No matter what, your GP is the place to start. They can help you find out more about options in your area and, if it looks like it’s going to be a long wait to get an assessment, they can direct you towards resources that can help in the meantime. You shouldn’t just stop and wait before acting. It’s important to work actively on developing the sorts of skills you’ll need to accomplish, achieve and succeed in life.
Primary and secondary school
Your child’s teacher is a really important part of getting an assessment for your child, and helping any therapies to become part of daily life. Make an appointment with your child’s teacher; they see your child in the school environment every day, which makes them invaluable in identifying your child’s strengths and weaknesses in the classroom. Having talked to the teacher and gotten their thoughts, it’s time to see your GP and get a referral to a paediatrician who can recommend the most appropriate assessments for your child.
Your child’s school should also be able to provide access to an educational psychologist, speech pathologist and occupational therapist. There can still be a long waiting list, and there may be a cost. Alternatively, you can try the specialists that your GP recommends.
TAFE and university
If you would like to get an assessment and you are at TAFE or university, then you should start with your GP and tell them about your areas of concern. Your GP can tell you what specialists are available in your area and provide you with a referral. Those will most likely be to a neuropsychologist and a speech pathologist. Your university might also be able to help here. Some universities that have psychology or speech pathology departments may be able to provide you with a lower cost assessment.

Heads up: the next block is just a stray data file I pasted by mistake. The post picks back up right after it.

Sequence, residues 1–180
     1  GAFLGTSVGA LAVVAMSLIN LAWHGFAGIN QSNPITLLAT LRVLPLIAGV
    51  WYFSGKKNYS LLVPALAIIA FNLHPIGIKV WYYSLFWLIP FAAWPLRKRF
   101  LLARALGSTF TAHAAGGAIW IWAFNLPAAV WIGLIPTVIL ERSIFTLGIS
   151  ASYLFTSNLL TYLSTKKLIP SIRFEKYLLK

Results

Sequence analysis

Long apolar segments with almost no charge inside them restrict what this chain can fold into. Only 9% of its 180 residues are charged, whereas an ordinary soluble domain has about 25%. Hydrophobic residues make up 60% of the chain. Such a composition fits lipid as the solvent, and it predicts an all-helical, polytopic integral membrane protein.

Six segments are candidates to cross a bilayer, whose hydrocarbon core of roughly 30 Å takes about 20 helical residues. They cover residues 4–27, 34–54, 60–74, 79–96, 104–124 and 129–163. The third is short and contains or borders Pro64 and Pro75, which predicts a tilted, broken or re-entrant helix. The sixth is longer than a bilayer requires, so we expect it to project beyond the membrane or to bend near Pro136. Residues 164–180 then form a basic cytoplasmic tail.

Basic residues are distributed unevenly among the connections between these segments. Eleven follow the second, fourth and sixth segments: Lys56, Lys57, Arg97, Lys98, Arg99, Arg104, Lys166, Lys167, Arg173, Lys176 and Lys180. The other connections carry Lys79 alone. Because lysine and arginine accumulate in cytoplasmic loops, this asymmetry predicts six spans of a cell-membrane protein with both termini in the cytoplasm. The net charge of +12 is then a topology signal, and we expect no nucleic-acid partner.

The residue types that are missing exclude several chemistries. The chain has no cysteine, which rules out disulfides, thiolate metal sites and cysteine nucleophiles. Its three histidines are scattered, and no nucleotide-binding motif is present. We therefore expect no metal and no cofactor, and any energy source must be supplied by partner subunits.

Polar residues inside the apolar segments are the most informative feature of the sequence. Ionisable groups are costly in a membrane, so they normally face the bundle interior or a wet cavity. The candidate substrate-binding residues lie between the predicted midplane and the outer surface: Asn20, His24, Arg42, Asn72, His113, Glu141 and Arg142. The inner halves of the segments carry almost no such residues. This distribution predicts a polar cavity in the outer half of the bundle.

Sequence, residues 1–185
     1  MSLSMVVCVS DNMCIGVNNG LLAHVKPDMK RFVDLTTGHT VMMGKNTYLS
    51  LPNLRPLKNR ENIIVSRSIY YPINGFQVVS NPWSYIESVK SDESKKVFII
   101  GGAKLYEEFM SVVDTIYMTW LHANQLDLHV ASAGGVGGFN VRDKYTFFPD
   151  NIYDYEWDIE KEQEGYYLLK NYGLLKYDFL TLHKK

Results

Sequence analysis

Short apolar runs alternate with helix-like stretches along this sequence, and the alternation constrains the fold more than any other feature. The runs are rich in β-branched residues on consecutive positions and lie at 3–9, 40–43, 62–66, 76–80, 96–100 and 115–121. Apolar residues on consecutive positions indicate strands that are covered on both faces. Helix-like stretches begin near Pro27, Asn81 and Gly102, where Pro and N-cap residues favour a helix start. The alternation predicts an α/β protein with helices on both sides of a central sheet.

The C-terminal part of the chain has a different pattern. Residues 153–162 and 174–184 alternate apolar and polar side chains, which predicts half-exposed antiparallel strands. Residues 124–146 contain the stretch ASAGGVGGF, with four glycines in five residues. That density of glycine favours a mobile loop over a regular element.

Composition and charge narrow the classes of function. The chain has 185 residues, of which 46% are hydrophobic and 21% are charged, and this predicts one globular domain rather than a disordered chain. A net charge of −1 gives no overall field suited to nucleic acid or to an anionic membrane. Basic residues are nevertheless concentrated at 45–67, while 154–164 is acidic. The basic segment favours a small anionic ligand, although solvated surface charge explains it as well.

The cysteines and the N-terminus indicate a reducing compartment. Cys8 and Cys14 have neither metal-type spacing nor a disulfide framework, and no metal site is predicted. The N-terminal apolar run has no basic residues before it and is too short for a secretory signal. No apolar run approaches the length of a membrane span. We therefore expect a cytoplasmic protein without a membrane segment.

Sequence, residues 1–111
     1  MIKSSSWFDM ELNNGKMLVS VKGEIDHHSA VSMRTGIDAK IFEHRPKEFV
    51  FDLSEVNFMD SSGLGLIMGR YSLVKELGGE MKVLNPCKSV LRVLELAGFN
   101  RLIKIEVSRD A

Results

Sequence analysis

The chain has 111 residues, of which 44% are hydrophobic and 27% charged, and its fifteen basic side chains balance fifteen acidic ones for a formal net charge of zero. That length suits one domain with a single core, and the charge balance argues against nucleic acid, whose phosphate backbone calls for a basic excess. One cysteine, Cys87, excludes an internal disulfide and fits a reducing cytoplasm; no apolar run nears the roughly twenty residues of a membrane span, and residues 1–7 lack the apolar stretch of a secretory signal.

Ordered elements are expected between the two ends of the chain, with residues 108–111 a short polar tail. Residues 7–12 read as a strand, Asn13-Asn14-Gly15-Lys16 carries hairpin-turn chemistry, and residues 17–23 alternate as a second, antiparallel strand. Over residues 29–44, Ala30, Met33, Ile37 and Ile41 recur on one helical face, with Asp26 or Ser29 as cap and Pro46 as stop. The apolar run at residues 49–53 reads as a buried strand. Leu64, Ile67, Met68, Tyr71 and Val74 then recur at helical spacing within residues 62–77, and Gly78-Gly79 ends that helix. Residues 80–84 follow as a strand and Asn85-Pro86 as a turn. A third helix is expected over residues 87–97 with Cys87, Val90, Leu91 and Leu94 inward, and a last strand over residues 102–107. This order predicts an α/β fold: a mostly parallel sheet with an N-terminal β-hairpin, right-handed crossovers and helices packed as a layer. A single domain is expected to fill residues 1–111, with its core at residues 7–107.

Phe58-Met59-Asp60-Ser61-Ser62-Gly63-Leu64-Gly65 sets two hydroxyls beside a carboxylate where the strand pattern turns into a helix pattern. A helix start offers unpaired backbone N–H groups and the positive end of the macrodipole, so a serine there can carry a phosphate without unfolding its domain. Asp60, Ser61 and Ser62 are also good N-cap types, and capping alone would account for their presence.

In the workplace
If you would like to get an assessment in your adult years, then you should start with your GP and tell them about your areas of concern. Your GP can tell you what specialists are available in your area and provide you with a referral. That will most likely be to a neuropsychologist and a speech pathologist. Once you have an assessment, you could speak with your HR department to find out about what support they can offer you at work.
It can be stressful to think about talking to the HR department about your assessment. Think carefully about what is best for you in your particular circumstances, and talk to your GP or another health professional that you trust to get their advice too.
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Disability Support Services at your TAFE or University – for assisted technology, classroom and assessment accommodations
On-campus counsellors – confidential counselling service provided by TAFE and university
Employee Assistance Program – free and confidential counselling service provided by some employers
Your work Human Resources department should provide you with support and assistance.
There are different rebates available through Medicare for the assessments you need for a diagnosis. Talk to your GP to find out what the rules are.